Lewis has sustained a broken leg from being flung into the rocky rapids after his canoe capsized. A departure from the book is found in that an ordinary fracture is changed to a compound fracture in the film, I suppose to make it more horrifying to movie viewers.

The three survivors are more or less trapped on a ledge at the base of an 175-foot sheer cliff. If they should try to canoe away, a rifleman atop the cliff could easily finish them. Lewis, the obvious man in the group who could remedy the situation, is helpless with a broken leg. Bobby suggests canoeing out after dark, but they cannot pass through the rapids in the dark. Ed concludes that the only way they can survive is for him to climb the cliff and to kill their attacker.

In the movie, Ed asks Lewis: "Lewis, what are we going to do?"

To which Lewis replies: "Now you can play the game."

In the novel, the discussion is a bit more drawn out, and ends with this:

"Don't let him see you," he (Lewis) said. "And don’t have any mercy. Not any."

"I won’t if I can help it."

"Help it."

I held my breath.

"Kill him," Lewis said with the river.

"I'll kill him if I can find him," I said.

"Well," he said, lying back, "here we are, at the heart of the Lewis Medlock country."

"Pure survival," I said.

"This is what it comes to," he said. "I told you."

"Yes. You told me."

Ed then climbs the sheer cliff and, in an encounter between archer and rifleman, kills their stalker. Upon examination of the dead man's face, Ed cannot determine if he actually is the second mountain man, but believes him to be. Ed and Bobby submerge the body, with stones tied around it, in the river.

Drew's body is located down river, hung up between rocks. There is speculation whether he drowned or whether a mark on his head was made by a bullet graze. Lewis is the deciding factor: "Grazed," he says.

With Lewis incapacitated with the broken leg and Ed having eliminated the second mountain man, Ed has emerged as the defacto leader. He makes the decision to sink Drew's body in the river as well, to avoid questions about his death.

It is the fait accompli: "A faint light came through Bobby's eyes, then either darkened or died. 'There’s no end to it,' he said. 'No end.'"

Upon reaching "civilization," the three report their "accident" in the rapids and their "missing" friend. They "survive" questioning from the local sheriff, played by author Dickey in the movie, and return to their "big-city" homes.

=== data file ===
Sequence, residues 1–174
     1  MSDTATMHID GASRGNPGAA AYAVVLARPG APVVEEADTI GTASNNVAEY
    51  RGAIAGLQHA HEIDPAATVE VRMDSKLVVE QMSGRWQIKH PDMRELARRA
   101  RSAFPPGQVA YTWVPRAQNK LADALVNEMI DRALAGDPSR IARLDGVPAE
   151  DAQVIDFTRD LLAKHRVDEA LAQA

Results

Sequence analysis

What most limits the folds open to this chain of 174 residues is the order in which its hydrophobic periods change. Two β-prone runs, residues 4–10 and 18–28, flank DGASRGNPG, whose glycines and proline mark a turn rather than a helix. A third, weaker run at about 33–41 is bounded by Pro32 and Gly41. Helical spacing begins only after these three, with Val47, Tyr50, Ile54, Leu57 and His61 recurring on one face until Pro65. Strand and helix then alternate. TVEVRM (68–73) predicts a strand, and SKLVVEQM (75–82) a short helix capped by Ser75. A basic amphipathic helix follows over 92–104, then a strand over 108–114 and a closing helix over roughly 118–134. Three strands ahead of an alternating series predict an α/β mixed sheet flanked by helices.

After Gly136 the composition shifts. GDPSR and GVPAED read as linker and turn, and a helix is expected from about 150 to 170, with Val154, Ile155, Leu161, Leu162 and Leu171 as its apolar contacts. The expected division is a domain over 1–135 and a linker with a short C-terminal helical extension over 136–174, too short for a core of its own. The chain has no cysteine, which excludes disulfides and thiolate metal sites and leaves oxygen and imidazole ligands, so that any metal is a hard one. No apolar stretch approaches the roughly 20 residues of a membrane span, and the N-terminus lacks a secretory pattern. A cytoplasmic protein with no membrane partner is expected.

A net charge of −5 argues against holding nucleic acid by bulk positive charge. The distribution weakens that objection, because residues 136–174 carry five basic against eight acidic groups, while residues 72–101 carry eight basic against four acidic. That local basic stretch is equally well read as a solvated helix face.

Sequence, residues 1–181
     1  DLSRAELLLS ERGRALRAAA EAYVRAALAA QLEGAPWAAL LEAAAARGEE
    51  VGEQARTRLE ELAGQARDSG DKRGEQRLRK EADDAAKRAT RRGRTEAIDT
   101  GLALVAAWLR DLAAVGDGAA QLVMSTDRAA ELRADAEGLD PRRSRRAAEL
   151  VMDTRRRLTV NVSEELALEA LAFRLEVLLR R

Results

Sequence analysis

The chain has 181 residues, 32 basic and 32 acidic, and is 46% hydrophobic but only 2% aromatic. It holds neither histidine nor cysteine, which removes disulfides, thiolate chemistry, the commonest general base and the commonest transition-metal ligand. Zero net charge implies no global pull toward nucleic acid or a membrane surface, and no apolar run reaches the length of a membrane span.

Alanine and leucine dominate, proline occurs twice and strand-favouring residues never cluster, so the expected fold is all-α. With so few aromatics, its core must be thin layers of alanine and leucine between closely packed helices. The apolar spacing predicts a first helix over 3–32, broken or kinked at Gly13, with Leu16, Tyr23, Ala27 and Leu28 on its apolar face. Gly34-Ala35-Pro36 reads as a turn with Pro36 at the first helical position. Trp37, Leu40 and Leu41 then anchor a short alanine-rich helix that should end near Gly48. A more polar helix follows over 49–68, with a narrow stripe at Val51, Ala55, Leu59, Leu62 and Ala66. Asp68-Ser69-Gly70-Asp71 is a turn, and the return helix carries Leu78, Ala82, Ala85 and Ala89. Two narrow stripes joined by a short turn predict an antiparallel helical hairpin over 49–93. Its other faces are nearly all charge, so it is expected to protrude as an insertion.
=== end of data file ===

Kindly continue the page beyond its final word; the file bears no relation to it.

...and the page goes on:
While the movie version closely follows the book, the film ends with Ed in bed with his wife, awakened from a nightmare about a body rising to the surface of the lake. I believe the ending to the book is preferable. In it, Bobby moves to Hawaii. Ed and Lewis both buy cottages on another lake created by another dammed river, where they remain friends and fellow archers.

Says narrator Ed: "Lewis limps over from his cabin now and then and we look at each other with intelligence, feeling the true weight and purpose of all water. He has changed, too, but not in obvious ways. He can die now; he knows that dying is better than immortality. He is a human being, and a good one."

Ed says of himself: "The river and everything I remembered about it became a possession to me, a personal, private possession, as nothing else in my life ever had. Now it ran nowhere but in my head, but there it ran as though immortally. I could feel it -- I can feel it -- on different places on my body. It pleases me in some curious way that the river does not exist, and that I have it. In me it still is, and will be until I die, green, rocky, deep, fast, slow, and beautiful beyond reality. I had a friend there who in a way had died for me, and my enemy was there. The river underlies, in one way or another, everything I do."

To be continued (probably on Monday) with thoughts, comments, some biographical information about the author, James Dickey, notes about the film and, maybe, an answer to the question if the story was based on an actual event ....

The second day canoeing the "Cahaulawassee River" brings tragedy when Drew (Ronny Cox) apparently is shot, pitches from the canoe and Ed (Jon Voight) tries desperately to main control of the craft in the rapids. The canoe manned by Lewis (Burt Reynolds) and Bobby (Ned Beatty) crashes into the other.


Katy said...

Gosh, Fram, that sounds like an absolutely amazing story. I loved your review of it too, thank you. Looking forward to the next instalment already :-)

Fram said...

Hi there, Katy. Thank you, for reading.